LET'S TALK ABOUT what happens when the mayor's race gets nasty.
It's Philadelphia. So (a) it surely will; and (b) pretty soon.
In a month and a day, one of six (or if we're being honest, one of three) candidates wins the Democratic primary on May 19.
So let's-get-nasty stakes are high for top contenders Anthony Hardy Williams, Jim Kenney and Lynne Abraham.
There are issues tied to gender, age, connections and candidate records during years of public service.
Who does what to whom and how will decide the winner.
Well, news from countless forums and debates hits voters only if a candidate doesn't show - or shows, then passes out.
Position papers on better schools, more jobs and safer streets flutter past average folks long weary of promises of better schools, more jobs and safer streets.
That leaves TV, direct mail, social media, personal contact and perception.
And what drives perception in a town where the most active voters are 55 and older? If you're thinking TV, you're thinking clearly.
So cue the purveyors of perception.
And remember, because of caps on what candidates can raise - and because these candidates seem to have the fundraising abilities of the Society to Save the Sandfly - lots of TV money is from "independent" groups.
Williams' campaign so far is benefiting from nearly $2 million in TV spending by the American Cities Foundation run by suburban charter-school advocates.
Kenney's camp's approaching $1 million in on-air backing from Building a Better Pennsylvania (labor) and Forward Philadelphia (teachers).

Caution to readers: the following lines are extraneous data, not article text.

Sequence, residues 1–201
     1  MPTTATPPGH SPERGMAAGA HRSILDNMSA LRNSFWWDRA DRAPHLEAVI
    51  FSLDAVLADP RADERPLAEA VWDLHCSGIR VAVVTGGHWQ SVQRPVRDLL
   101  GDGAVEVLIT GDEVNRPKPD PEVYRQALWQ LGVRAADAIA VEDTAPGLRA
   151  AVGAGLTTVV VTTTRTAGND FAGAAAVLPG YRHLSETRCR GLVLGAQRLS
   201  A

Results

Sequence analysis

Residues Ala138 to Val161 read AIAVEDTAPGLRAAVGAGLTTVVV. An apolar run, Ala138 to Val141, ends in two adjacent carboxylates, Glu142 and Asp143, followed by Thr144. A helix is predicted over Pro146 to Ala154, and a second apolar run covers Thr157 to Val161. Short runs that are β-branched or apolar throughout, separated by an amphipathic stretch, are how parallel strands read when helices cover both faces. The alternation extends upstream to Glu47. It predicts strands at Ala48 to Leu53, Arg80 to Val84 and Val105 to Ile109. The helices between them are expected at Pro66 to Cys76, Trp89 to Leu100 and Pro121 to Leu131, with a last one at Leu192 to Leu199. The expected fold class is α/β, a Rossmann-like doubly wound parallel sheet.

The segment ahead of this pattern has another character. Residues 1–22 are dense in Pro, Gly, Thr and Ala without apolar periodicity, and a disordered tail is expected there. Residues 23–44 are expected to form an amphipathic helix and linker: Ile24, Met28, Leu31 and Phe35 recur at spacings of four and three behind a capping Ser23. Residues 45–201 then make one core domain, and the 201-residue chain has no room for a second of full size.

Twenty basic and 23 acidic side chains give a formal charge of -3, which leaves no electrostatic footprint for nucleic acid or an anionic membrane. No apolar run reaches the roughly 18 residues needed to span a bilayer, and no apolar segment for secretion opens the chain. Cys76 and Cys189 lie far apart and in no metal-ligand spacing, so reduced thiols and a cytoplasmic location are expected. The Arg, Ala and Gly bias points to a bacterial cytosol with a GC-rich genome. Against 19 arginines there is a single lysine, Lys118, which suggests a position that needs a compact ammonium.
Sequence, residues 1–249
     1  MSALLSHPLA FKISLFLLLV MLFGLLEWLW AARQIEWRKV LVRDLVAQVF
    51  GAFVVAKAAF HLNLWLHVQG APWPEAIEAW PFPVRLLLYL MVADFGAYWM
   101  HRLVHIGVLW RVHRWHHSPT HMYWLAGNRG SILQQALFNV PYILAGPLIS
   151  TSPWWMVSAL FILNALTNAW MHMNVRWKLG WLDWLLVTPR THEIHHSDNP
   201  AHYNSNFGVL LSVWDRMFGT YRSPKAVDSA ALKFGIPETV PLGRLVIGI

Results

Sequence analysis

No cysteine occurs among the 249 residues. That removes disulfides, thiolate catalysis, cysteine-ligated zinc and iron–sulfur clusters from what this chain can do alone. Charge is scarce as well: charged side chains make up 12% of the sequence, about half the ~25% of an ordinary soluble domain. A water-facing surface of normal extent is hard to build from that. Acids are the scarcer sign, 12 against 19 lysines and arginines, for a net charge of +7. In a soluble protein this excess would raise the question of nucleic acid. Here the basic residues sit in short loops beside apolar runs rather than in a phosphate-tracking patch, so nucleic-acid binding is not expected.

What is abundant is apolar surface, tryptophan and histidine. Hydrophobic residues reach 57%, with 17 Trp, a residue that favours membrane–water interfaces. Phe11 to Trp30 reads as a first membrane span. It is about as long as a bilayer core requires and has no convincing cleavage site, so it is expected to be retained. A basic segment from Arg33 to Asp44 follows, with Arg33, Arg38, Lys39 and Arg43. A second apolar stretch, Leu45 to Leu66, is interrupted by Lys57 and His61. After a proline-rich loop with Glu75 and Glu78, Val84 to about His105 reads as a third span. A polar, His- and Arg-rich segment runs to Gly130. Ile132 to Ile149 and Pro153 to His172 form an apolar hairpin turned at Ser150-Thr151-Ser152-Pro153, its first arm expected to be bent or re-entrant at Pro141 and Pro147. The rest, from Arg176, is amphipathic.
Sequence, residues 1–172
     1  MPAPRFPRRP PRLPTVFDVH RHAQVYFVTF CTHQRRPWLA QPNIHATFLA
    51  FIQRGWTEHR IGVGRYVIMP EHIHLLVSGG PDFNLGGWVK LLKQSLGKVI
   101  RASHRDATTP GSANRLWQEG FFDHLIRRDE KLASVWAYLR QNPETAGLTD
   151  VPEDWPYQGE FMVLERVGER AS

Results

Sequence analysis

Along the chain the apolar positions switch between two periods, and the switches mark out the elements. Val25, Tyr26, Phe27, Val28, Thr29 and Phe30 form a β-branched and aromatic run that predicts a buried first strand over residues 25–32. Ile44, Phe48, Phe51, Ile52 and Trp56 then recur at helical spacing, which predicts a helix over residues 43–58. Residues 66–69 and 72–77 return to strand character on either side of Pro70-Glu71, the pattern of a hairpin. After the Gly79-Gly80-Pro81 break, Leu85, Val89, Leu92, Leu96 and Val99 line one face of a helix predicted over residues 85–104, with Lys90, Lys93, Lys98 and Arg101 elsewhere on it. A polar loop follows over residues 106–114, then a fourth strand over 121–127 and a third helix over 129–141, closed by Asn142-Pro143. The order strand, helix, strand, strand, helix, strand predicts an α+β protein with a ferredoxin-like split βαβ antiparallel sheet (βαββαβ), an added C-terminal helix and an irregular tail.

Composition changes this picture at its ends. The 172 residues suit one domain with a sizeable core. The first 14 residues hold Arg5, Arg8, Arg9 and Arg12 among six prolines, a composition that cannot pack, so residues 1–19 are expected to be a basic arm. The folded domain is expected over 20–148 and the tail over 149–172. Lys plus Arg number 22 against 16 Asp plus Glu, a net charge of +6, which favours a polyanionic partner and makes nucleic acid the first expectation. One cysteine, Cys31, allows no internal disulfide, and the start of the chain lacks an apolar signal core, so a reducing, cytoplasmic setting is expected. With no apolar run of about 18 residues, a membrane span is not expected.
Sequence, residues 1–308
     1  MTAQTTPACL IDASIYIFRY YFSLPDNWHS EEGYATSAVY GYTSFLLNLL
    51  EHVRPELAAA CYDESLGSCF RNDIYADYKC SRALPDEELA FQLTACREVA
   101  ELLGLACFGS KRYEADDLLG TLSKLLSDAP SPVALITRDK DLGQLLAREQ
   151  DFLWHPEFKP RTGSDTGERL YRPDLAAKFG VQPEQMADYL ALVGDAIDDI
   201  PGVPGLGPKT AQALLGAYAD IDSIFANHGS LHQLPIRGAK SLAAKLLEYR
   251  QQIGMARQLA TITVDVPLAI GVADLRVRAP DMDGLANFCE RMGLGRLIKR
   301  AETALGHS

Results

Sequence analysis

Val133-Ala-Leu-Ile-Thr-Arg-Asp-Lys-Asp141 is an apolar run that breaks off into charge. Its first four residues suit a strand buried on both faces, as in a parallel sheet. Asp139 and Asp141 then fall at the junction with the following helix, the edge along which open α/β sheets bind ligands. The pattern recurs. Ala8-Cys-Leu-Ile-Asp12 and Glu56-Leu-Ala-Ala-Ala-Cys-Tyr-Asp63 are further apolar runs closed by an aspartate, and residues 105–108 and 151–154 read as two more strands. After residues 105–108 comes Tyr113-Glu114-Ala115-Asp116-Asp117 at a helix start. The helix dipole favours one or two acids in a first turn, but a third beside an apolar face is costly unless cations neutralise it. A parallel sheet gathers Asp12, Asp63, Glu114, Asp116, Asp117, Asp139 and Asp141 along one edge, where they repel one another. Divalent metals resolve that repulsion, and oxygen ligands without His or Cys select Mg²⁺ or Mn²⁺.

Abraham, one assumes, will use what she can raise for ads suggesting the guys might be for sale or rent but she's her own woman; "nobody's mayor but yours."
She might even mention that those pro-charter guys also gave Williams $5 million when he ran for governor in 2010 and that Kenney's labor backing is tied to IBEW Local 98 boss John "Johnny Doc" Dougherty, who can be, well, controversial.
There's fodder here but it requires delicate handling.
If Williams and Kenney spar over outside money, that could turn into a tug-of-war over who's better for the city, "Doc" or pro-charter Bala Cynwyd rich guys.
That, in turn, could turn voters off or help Abraham.
But if she gets an edge, maybe we get an ad on her $380,000-plus take from the city's Deferred Retirement Option Plan, known as DROP, and/or her own drop during that first TV debate.
There's always, well, Williams is from the Legislature and you know what the Legislature's like, or Kenney's from City Council and you know what Council's like.
Both served so long in bodies so bad (Kenney 23 years; Williams 26), and TV spots on perks, pay raises and pensions always are effective.
Abraham was district attorney for 19 years; gotta be a case or two to mold into an ugly ad.
Who gains most from attacks? One insider says, "At this point, flip a coin three times."
This gets to larger questions.
Outside funding seems sleazy. But every big campaign is fed by special interests.
Millions in outside money seems unfair. But what can be done about it?
Committee of Seventy boss David Thornburgh notes that independent expenditures are legal so long as they're not coordinated with campaigns.
"As long as Citizens United stands, there's nothing we can do about it," Thornburgh says, referring to the 2010 Supreme Court ruling allowing corporations and unions to spend unlimited amounts to promote or pummel candidates.
He adds, however, that finance reporting online every 24 hours would help.
(The deadline to report campaign money is May 8.)
As is, we have fragmented donor disclosure, unnecessary reporting delays, caps on candidates but no caps on "independent" groups, therefore potentially giving people who don't live or work in the city the power to pick its mayor.
In short, we already have a race that's nasty.